Silverio and Nuevos Ricos: Yepa Yepa Yepa, its the Dance of the Devil Lit up!

Who is His Majesty? … the one who gets naked on stage and spits at the audience. And why should we care about this vagrant? He is referred to as a drunk, elegant dandy, womanizer and an icon… but who is he? And – more importantly – who supports his music?

He comes from Chilpancingo, Guerrero in Mexico according to Bernice Balboa and his music has spread to Spain, Germany and England. The genre of this controversial character is electronic “era of the caves, a computer music made with a little subtle and quite gross,” says the character in an interview His lyrics evoke “tantric sex mystic exactly” according to the same interview. He does not care though, he says. He is an egotistical musician who does not mind that a lot of people don’t accept him, he likes when people are offended and thinks it is one of the great pleasures we enjoy in life: to offend people. He says he likes to receive insults “with love and devotion,” perhaps signifying that he is a very free-minded individual or perhaps that he is just a little bit wild.

His DJ name is Silverio, most famously known by his hit Yepa-Yepa-Yepa (he’s not that bullfighter guy you may get by googling the name). We care about him because of his affiliation with the relatively new label Nuevos Ricos (“new rich”) since their start in 2003. The name Nuevos Ricos comes from composer Julian Lede and artist Carlos Amorales wanting to change their social and economic situation in Mexico City by creating an aspiring cult label project. Their motto “Income doesn’t mean happiness but who wants to be happy?” plays on their ironic wish to become rich and famous while still responding against the current state of the art world where the rich and famous get richer and more famous. Julian and Carlos say that people in the US wouldn’t understand their name because “we” are a part of the noveau riche ourselves (“In Gold We Trust” they say).They work with highly electric sounds- cumbia electronics, neo-romantic rock, disco punk and noisist avant garde to name a few of their subversive sounding protest art called musical expression.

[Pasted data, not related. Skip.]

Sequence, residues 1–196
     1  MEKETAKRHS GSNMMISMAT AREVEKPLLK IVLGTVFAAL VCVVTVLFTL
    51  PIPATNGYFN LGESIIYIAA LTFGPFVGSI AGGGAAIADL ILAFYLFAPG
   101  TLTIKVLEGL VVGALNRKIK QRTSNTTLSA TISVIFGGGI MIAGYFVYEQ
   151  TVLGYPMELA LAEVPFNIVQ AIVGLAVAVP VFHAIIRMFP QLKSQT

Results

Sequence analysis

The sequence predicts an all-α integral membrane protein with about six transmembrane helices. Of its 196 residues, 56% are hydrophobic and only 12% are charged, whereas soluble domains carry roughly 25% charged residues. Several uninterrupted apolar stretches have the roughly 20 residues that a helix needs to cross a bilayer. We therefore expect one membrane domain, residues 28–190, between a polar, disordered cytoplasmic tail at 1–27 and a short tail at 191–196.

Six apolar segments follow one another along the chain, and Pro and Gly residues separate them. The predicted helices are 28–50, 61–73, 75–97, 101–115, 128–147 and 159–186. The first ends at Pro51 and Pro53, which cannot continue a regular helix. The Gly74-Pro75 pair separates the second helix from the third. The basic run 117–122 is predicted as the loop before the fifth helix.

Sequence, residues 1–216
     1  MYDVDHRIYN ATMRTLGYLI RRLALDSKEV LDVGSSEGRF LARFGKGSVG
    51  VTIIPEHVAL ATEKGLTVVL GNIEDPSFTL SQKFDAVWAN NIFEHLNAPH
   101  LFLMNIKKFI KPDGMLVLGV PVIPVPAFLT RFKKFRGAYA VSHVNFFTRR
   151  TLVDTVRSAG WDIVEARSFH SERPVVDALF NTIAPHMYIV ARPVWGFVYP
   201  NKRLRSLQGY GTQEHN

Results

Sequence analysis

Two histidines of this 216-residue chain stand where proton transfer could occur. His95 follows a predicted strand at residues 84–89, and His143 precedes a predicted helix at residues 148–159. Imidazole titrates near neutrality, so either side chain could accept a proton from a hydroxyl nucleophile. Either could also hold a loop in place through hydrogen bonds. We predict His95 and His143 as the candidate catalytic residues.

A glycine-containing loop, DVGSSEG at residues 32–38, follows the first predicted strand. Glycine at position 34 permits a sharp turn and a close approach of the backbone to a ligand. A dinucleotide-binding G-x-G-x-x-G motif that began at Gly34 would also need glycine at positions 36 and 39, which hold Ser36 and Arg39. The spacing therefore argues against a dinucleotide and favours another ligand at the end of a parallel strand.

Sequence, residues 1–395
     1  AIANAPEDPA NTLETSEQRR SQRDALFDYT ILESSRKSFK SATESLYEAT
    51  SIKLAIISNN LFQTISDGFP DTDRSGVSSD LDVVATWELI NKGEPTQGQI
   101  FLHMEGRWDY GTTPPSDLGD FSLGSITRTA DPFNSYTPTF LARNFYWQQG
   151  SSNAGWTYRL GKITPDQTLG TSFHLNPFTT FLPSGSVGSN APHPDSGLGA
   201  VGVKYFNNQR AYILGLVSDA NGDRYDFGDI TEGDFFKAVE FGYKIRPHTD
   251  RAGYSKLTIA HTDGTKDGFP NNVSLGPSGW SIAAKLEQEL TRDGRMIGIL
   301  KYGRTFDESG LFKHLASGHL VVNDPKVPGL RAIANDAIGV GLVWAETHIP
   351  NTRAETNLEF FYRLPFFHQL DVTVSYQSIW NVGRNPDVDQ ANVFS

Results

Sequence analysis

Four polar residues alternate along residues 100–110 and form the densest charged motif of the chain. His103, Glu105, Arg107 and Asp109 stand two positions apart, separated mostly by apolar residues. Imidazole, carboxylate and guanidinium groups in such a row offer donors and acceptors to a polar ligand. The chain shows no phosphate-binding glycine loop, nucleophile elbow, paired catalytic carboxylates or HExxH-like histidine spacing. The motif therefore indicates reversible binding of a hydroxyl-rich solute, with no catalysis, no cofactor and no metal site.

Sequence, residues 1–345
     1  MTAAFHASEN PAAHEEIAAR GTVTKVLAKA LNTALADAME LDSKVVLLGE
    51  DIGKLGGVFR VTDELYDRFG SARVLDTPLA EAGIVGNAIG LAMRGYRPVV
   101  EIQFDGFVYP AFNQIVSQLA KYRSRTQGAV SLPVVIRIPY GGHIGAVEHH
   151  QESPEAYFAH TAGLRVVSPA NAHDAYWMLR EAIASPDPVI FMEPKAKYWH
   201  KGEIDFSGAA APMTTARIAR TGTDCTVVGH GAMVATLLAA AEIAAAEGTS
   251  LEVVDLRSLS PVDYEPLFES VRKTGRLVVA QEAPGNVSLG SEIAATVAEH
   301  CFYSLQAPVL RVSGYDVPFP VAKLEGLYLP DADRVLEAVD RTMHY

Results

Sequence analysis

Silverio comes into play when the label declared that they were concerned with the audience being able to brake loose and become a part of the performance. Much like pop artist Ed Kienholz whose works of art both invited and implicated the viewer, Nuevos Ricos artists are questioning and celebrating the audience at the same time. Silverio gets away with his spitting and nakedness because Nuevos Ricos thinks of performance space as a raw place of transformance during concerts. They put the stage at the same level as the dance floor to make artist and audience on the same level quite literally. This engagement with the audience is a new idea that has arisen out of movements such as the Egyptian revolution a year ago – where normal people with good voices or musical proclivities became huge stars with their revolutionary songs just by the mere fact of playing in front of an audience of their peers. The importance of Silverio in the context of his producers, Nuevos Ricos is that his music is “blowing up” so to speak and this is furthering their goal to become rich and famous. But can they stay that way? Before we discuss that lets look at some of Silverio’s music to see what he is all about

Let’s take a look at some of his work to see what the heck it is all about.

1. El Iluminado (The Illiminated, or Lit)